School Districts Getting Electric Buses
A $1 billion effort to electrify school buses will provide renewable fuel vehicles for around 400 school districts, including Indigenous tribal lands, Puerto Rico and American Samoa. At present, fewer than 1 percent of the country’s 500,000 school buses are electric or run on low-emission fuels. The government grant program wants to reduce children’s exposure to harmful exhaust from diesel buses as part of a broader effort to address climate change and environmental justice by making it easier for communities to have access to zero-emission vehicles. The funds come from $5 billion that the U.S. Environmental Protection Agency received to purchase around 2,300 electric buses. Many will be available to select school districts by the start of the next school year, with the rest by the end of this year.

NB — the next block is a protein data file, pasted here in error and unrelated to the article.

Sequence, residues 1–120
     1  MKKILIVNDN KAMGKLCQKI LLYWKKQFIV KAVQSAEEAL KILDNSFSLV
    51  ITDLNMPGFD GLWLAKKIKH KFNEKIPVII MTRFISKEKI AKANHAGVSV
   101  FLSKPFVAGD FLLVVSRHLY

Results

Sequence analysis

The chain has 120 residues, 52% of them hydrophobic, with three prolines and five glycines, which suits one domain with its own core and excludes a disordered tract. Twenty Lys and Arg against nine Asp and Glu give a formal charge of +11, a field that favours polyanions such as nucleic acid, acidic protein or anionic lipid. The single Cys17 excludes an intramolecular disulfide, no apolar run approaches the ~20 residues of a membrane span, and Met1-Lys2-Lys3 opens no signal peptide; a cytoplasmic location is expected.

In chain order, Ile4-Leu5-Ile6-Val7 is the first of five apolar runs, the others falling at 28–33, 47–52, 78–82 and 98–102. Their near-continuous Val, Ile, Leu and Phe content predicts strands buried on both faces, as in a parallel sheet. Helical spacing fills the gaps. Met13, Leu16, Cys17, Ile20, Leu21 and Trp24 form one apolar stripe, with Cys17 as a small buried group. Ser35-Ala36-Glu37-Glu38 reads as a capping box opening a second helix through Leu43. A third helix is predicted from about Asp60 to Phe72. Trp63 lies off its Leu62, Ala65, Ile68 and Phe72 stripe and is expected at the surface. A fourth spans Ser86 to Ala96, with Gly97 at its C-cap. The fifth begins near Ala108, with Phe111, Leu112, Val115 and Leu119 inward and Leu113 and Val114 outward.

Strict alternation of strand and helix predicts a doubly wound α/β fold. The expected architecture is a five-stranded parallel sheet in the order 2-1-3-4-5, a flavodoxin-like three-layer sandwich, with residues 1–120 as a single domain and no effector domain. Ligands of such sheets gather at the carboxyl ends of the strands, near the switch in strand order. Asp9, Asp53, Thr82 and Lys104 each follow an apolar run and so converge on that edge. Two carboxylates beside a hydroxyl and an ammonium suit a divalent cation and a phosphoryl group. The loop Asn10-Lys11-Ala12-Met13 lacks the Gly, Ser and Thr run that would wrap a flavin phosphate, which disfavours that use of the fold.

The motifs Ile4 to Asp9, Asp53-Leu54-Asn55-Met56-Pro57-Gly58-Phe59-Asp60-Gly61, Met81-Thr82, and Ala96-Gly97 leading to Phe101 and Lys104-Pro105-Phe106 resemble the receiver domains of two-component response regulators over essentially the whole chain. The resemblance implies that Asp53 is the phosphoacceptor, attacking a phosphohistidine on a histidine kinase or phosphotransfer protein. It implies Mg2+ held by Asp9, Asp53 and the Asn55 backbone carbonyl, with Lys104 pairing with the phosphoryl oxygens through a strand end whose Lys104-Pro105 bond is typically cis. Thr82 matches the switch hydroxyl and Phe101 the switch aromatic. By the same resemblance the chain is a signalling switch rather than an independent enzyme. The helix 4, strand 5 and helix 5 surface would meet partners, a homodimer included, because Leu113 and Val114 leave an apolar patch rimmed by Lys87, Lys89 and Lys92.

A 2021 study found that even brief exposure to air pollution, including wildfire smoke and car exhaust, can alter a child’s DNA and increase their risk of heart and lung problems as adults. Seventy percent of students from low-income families take a bus to school, increasing their exposure to diesel exhaust. Children of color, in particular, are more likely to live near heavy transit routes, industrial facilities and other sources of vehicular and industrial pollution. This is in large part due to historic housing, zoning and transit policies that leave Black and Brown communities with few options.